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Anna Dinella, Francesco Giammarchi and Giustino Tonon

ABSTRACT

Peatland ecosystems are an important archive of paleoclimatic information. Within this context, tree-ring data from trees growing in such ecosystems are extremely valuable resources, and subfossil trees from peat bogs have been widely employed in dendroclimatological studies. However, there are still gaps in our understanding of the relationships among tree growth, peatland hydrology and climate factors. Here, we summarize the principal studies on living peatland trees, with a particular focus on their use as a source of information on past climatic conditions. We discuss the main factors influencing tree growth in this environment, whether it is the local hydrological cycle or climate. We put a particular focus on the reliability of the climate signal recorded by living peatland trees, comparing it with that found in subfossil trees. Finally, we discuss the relevance of quantitative wood anatomy in the context of peatland ecosystems research.

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Stéphanie C. Bodin, Rita Scheel-Ybert, Jacques Beauchêne, Jean-François Molino and Laurent Bremond

ABSTRACT

Tropical tree floras are highly diverse and many genera and species share similar anatomical patterns, making the identification of tropical wood charcoal very difficult. Appropriate tools to characterize charcoal anatomy are thus needed to facilitate and improve identification in such species-rich areas. This paper presents the first computer-aided identification key designed for charcoals from French Guiana, based on the wood anatomy of 507 species belonging to 274 genera and 71 families, which covers respectively 28%, 67% and 86% of the tree species, genera and families currently listed in this part of Amazonia. Species of the same genus are recorded together except those described under a synonym genus in Détienne et al. (1982) that were kept separately. As a result, the key contains 289 ‘items’ and mostly aims to identify charcoals at the genus level. It records 26 anatomical features leading to 112 feature states, almost all of which are illustrated by SEM photographs of charcoal. The descriptions were mostly taken from Détienne et al.’s guidebook on tropical woods of French Guiana (1982) and follow the IAWA list of microscopic features for hardwood identification (Wheeler et al. 1989). Some adjustments were made to a few features and those that are unrelated to charcoal identification were excluded. The whole tool, named CharKey, contains the key itself and the associated database including photographs. It can be downloaded on Figshare at https://figshare.com/s/d7d40060b53d2ad60389 (doi: 10.6084/m9.figshare.6396005). CharKey is accessible using the free software Xper2, specifically conceived for taxonomic description and computer aided-identification.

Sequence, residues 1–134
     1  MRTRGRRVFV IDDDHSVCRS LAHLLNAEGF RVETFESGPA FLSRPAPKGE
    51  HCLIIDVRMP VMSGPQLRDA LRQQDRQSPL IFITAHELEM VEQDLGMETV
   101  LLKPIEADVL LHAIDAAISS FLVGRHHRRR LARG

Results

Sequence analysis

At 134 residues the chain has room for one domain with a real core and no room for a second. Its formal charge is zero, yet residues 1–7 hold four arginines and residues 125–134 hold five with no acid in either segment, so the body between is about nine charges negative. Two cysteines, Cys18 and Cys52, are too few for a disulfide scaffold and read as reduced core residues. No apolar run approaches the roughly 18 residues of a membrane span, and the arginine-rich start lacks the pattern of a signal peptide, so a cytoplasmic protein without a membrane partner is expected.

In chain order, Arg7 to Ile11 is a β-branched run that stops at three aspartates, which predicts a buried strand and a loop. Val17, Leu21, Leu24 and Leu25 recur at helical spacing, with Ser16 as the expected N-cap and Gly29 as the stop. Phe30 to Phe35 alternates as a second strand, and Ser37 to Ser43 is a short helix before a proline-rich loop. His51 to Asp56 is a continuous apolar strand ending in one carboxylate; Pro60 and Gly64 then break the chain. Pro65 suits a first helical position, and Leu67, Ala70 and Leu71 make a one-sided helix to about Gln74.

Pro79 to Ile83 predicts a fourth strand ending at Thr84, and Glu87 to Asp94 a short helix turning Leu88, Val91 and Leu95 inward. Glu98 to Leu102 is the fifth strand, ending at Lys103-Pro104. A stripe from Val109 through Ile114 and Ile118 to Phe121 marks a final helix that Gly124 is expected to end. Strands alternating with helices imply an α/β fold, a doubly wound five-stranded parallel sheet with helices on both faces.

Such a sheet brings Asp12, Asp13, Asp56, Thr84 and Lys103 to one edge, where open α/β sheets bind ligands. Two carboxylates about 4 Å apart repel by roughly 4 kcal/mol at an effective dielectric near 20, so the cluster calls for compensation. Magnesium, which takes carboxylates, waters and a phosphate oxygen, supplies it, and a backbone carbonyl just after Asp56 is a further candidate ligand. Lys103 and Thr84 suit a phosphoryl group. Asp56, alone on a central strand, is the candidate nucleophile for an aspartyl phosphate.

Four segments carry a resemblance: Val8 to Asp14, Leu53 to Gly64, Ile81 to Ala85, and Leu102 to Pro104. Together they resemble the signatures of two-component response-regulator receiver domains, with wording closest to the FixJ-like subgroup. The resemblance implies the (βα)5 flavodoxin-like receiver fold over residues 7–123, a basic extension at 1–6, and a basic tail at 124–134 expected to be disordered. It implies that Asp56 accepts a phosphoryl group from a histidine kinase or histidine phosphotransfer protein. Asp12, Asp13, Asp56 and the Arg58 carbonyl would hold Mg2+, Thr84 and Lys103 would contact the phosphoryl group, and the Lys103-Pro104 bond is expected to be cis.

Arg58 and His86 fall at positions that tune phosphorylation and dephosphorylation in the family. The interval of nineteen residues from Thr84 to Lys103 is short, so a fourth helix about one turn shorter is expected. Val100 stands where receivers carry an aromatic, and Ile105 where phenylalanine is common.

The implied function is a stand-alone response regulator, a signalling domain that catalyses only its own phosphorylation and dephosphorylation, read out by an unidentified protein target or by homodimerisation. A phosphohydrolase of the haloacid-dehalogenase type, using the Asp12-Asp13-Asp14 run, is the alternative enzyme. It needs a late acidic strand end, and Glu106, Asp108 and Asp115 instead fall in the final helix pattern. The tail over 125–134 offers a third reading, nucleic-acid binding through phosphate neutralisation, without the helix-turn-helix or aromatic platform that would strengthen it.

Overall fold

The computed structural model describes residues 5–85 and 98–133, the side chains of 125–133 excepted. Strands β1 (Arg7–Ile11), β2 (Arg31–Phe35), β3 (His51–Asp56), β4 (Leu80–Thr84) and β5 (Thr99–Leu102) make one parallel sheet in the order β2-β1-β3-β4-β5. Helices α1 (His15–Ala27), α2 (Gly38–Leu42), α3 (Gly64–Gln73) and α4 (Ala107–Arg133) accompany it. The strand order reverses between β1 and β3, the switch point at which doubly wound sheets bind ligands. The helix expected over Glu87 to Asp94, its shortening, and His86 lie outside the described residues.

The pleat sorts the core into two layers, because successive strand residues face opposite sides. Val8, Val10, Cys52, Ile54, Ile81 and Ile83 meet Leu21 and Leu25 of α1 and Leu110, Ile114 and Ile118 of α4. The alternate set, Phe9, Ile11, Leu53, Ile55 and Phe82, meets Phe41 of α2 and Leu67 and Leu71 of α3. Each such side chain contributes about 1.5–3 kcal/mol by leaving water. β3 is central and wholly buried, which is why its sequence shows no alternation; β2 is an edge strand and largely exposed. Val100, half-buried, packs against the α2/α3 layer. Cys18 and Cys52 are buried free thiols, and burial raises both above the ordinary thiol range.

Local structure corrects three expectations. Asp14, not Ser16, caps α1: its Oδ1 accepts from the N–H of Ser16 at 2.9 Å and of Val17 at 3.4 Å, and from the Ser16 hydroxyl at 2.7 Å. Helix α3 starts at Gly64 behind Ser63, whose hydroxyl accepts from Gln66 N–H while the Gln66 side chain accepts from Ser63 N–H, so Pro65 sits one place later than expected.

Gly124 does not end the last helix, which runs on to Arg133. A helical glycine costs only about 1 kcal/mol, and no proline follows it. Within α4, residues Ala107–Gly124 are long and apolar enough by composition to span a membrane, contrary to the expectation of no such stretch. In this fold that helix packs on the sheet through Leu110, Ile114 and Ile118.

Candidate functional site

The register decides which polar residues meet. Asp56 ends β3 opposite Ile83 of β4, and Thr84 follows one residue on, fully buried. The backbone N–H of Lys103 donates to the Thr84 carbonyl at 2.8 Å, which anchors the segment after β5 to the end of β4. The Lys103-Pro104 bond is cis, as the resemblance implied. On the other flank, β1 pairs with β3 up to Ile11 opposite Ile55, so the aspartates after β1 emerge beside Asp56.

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Andrea Cecilia Acosta-Hernández, J. Julio Camarero and Marín Pompa-García

ABSTRACT

Warming-amplified drought stress may decrease productivity and growth in both wet and dry conifer forest ecosystems. However, the seasonal radial-growth responses to climate, drought and related climate atmospheric patterns have not been compared in detail in wet and dry sites. We focus on drought-prone northern Mexico conifer forests and compare growth responses in tree species from wet (Pseudotsuga menziesii) and dry sites (Pinus leiophylla). To characterize the responsiveness to inter- and intra-annual changes in water availability we used dendrochronology and measured tree-ring (TRW), earlywood (EW) and latewood (LW) widths. We calculated adjusted LW (LWadj) by removing the influence of EW on LW. We identified E- (narrow tracheids within the early-wood) and L-type (wide tracheids within the latewood) intra-annual density fluctuations (IADFs) and related their frequencies to seasonal climate and drought. We also related growth to atmospheric patterns related to the El Niño-Southern Oscillation (ENSO) which drives precipitation patterns in the studied region. Wet-cool conditions during the prior winter and current spring linked to El Niño events enhanced TRW and EW, particularly in P. menziesii, whereas wet summer conditions enhanced LWadj. The formation of E- (P. leiophylla) and L-type (P. menziesii) IADFs was associated with seasonal fluctuations in precipitation and temperature, suggesting different strategies to withstand drought. The sensitive P. menziesii strongly responded to short spring droughts, whereas the tolerant P. leiophylla responded to longer spring droughts. Seasonal wood measures (EW, LWadj) and IADFs are proxies of intra-annual fluctuations in water availability in similar conifer forests.

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Kelly Cristina Moreira dos Santos, Gabriel Uriel Cruz Araújo dos Santos, Claudia Franca Barros, Haroldo Cavalcante de Lima and Cátia Henriques Callado

ABSTRACT